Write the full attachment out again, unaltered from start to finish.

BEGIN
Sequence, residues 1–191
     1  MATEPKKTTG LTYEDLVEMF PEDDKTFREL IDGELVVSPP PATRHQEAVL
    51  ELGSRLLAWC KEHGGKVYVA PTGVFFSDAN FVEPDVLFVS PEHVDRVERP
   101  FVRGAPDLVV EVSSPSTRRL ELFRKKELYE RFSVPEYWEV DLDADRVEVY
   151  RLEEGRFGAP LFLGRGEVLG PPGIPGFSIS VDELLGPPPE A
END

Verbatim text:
Sequence, residues 1–191
     1  MATEPKKTTG LTYEDLVEMF PEDDKTFREL IDGELVVSPP PATRHQEAVL
    51  ELGSRLLAWC KEHGGKVYVA PTGVFFSDAN FVEPDVLFVS PEHVDRVERP
   101  FVRGAPDLVV EVSSPSTRRL ELFRKKELYE RFSVPEYWEV DLDADRVEVY
   151  RLEEGRFGAP LFLGRGEVLG PPGIPGFSIS VDELLGPPPE A